Modern science is helping Waterford police better identify and decipher fingerprints.
For nearly three decades, Waterford police detectives have used a little box to solve crimes. Over the past couple of weeks, they have been using new technology. Gas and light are the new tools of the detective trade.
"This is the air science fumigator," said investigators Nicolas Surdo.
The machine allows investigators to lift fingerprints off practically any solid piece of evidence including a gun or even a car fender collected at a crime scene.
"It brings up the fingerprints for us so we can actually dust it a lot of times. It locks in the actual DNA, and we can send it to the lab for analyzation," explained Surdo.
The new machine only costs $7,800. The funds came from asset forfeitures seized by the department.
To make it work, investigators place drops of super glue onto a heat plate to create the gas fumes that will reveal the fingerprints. They distilled water is added in a humidifier to control the environment.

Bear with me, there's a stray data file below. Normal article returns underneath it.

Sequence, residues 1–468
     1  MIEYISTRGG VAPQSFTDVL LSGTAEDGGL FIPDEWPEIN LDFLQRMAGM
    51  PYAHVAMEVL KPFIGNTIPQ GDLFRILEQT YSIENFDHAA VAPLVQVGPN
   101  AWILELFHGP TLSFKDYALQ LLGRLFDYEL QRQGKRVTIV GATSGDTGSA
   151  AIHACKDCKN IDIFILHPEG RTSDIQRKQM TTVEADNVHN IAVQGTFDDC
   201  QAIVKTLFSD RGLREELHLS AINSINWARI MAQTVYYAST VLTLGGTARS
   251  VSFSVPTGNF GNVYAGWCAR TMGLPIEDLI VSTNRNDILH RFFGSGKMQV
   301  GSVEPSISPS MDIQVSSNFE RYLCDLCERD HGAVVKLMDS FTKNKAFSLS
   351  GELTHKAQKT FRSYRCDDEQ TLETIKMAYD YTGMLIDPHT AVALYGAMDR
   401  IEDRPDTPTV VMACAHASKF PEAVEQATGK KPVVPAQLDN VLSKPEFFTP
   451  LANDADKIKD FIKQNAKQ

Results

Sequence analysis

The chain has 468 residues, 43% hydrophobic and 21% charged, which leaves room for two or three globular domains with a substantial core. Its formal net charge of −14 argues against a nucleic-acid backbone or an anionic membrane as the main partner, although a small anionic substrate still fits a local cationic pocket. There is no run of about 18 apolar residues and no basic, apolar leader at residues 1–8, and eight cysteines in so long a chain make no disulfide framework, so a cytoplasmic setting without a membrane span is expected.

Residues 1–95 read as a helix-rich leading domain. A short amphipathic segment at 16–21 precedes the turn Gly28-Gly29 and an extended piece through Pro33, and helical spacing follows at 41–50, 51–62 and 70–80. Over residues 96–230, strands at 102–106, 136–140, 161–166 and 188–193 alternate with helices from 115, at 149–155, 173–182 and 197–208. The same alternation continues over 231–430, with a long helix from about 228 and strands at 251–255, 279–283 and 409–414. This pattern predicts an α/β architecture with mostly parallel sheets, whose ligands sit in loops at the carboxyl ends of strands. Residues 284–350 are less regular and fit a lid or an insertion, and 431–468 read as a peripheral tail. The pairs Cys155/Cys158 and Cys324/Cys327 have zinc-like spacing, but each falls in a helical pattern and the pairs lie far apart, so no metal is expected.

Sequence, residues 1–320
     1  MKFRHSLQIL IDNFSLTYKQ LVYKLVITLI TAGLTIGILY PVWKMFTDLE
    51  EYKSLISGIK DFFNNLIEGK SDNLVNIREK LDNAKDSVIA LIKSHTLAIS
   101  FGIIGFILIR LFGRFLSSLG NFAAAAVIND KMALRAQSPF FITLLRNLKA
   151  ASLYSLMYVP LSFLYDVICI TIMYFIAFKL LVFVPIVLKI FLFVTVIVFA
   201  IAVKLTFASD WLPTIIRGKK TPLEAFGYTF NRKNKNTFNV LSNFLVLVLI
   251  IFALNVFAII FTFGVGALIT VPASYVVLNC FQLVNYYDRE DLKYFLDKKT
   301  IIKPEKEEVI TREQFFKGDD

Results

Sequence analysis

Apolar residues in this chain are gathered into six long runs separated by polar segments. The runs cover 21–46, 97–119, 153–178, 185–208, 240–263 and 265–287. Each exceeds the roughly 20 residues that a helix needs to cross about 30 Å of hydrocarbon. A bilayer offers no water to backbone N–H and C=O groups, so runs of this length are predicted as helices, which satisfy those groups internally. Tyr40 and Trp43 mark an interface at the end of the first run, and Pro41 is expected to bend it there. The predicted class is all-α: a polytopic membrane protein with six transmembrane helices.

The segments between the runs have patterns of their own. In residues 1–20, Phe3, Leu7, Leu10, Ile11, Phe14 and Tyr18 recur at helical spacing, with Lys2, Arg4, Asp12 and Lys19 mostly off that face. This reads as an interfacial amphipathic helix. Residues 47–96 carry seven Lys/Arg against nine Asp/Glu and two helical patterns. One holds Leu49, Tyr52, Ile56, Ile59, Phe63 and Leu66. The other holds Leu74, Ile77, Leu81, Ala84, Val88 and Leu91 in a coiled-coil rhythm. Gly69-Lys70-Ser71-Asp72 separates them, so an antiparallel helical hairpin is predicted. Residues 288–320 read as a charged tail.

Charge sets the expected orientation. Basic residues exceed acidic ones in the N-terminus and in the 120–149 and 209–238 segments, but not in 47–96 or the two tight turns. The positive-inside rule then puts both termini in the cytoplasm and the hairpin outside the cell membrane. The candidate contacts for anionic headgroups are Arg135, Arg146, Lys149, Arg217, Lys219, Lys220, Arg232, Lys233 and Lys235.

"Close it to make sure it is secure. You hit the button and it's going to run itself through the system," said Surdo.
Detectives are also using an alternative light source used at crime scenes.
"A high powered light that allows you to analyze a crime scene for evidence of value," explained Waterford investigator Michael Fedor.
Hair, fingerprints and even blood can be easily seen with the technology. Bruises on victims show up a lot better under the special light and glasses.
Investigator Fedor believes it beats the old way of detective work.
"Flashlights get on your hands. Then you have to get on your knees and walk around looking for stuff. It took much longer," explained Fedor.
It only takes eight minutes for the fingerprint analyzer to produce the prints that are then photographed and handled.
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